Briefly, Shōta wonders if this is still part of the whole Present Mic act, but something tells him it’s genuine. Maybe ‘Hizashi’ really does work in the music industry, although it’s probably something less glamorous, like a PA or manager.

Then again, it seems like he lives in a building across from a fancy high rise with tenants who own spoiled Scottish Fold cats. Maybe he’s an executive instead.

If you need to vent, then vent, Shōta says, typing out the message with careful taps. I don’t know anything about the entertainment industry so I probably won’t understand it anyway.

A few long seconds stretch on as he waits for a response. Eventually the seconds morph into a minute, and a minute into two, and Shōta’s about to put away his phone and accept that ‘Hizashi’ doesn’t want to talk when a very long message pops up on his screen.

It was just stupid people writing stupid articles. And I know it’s not true and I know everyone else knows it’s not true but if I get mad about it then that’s just another article for them to write and so I just have to deal with it. And then on top of that work went long today because the schedule got delayed because there was a big accident on the expressway which made people late.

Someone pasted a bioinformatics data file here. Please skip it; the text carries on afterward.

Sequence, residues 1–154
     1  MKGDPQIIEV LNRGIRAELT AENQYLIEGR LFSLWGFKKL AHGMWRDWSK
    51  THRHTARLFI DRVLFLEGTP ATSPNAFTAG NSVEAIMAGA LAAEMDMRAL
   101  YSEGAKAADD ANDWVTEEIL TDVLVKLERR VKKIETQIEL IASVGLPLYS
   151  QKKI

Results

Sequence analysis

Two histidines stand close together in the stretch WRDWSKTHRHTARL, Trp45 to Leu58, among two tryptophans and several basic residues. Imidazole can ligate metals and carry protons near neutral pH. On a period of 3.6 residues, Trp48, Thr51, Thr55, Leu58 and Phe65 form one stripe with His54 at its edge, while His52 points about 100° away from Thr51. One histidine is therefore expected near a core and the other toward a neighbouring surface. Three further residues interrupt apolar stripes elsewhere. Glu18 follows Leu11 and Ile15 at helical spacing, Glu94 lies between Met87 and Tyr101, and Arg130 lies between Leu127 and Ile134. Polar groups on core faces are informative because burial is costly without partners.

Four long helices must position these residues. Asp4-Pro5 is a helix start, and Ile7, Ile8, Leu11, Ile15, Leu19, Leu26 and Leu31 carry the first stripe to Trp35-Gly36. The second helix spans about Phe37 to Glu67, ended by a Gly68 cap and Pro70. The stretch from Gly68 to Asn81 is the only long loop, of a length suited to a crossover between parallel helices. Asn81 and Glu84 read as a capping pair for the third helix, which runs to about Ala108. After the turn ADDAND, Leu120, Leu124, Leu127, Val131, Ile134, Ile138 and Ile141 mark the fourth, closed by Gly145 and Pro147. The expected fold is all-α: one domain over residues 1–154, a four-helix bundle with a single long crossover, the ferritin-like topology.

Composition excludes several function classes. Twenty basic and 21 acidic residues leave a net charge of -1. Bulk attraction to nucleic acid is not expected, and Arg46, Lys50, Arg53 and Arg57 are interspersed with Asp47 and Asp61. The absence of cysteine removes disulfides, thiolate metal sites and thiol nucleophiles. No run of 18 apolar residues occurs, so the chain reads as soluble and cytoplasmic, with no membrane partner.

Another shorter message appears below it.

And now I’m at home alone trying to figure out if I have enough energy to cook or if I’m going to order takeout for like the fifth time this week.

The business executive theory is getting stronger. Of course, that also means that ‘Hizashi’ is probably a balding fifty-year-old instead of a twenty-something popstar.

Order takeout, Shōta finally replies.

Thanks for taking one decision off my plate, ‘Hizashi’ says. He follows it up with a smiling emoji.

Shōta pauses for a moment, searching for something appropriately comforting to say. Before he can find the right words, though, his phone buzzes with another message.

Wow, I feel way better.

Shōta’s forehead creases.